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Will played his thirteenth baseball game of the season tonight against the toughest team in the league. The boys played their hearts out but just couldn't match their skills. Will started out with a solid hit off the tee.
Will was easily safe at first.
After another couple of hits, Will was able to cross home plate and score a run.
Will fielded the ball in left field and threw it in with great form.
Will got to play catcher again and did another terrific job behind the plate.
Will walloped a coach-pitched ball his second time up to bat.
It was a long base hit which...
...turned into a double after being briefly held up at first.
After another hit, Will crossed home pate again. Unfortunately, Will scored half his team's runs in a 4-22 loss to the team which would go on to win the post season tournament.
Will had his twelfth baseball game today. He started out in left field where, as any good player known, the lower your ready position the better. Also, the coach has totally switched to handing out gum pre rather than post-game.
Will showing off his great batting stance. I worked with Will to really open up his stance so that he would hit the ball to the third base side of the field which, at this level, would guaranty a base hit. Will got up there and took the perfect open batting stance ready to hit between the third baseman and the shortstop. The third base coach immediately stopped the action, walked down to home plate and reoriented Will's feet so they were perfectly lined up with the pitcher...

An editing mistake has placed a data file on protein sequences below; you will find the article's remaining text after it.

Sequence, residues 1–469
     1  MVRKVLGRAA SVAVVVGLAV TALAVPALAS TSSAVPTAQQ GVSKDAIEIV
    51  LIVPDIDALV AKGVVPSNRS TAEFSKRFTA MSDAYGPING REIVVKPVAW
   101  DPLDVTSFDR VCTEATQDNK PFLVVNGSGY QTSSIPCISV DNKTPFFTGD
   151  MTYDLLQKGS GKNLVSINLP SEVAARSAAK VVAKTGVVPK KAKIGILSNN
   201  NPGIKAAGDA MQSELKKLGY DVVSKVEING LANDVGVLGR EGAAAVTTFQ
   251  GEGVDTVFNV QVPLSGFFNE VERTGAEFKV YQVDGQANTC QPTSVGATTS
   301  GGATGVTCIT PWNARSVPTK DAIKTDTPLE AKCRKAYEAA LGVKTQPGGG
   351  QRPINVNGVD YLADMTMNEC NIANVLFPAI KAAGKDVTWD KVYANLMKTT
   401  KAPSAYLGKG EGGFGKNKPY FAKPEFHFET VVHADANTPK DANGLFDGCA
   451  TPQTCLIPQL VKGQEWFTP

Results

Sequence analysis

...Will smacked the ball off the tee...right to the first baseman who, even after bobbling it, had plenty of time to step on first for an easy out. Will did exactly as he should have, he listened to his coach. Still...so frustrating.
Next inning, Will played shortstop and got to see a lot of action. Getting a grounder coming his way.
Throwing the ball to the pitcher.
In the middle of the action, picking up a ground ball.
Throwing the ball home to halt the advancing runners.
Another grounder to the shortstop.
Will first looks the runner back to second and...
...then throws the ball home to get the runner trying to score.
This picture really show Will's amazing personality. He has always been our sweet smiling child, he has the most loving and kind spirit. I hope he never grows out of it.
Will loves to play baseball and, when not being serious on the field, there are plenty of smiles in the dugout.
Next at bat, Will hit a coach-pitched pop fly which the other team did a nice job catching.
A rare look at the cameraman who is usually ignored. The boys wound up losing 10 to 18 but that wasn't the whole story. Click on "continue reading" to hear me vent.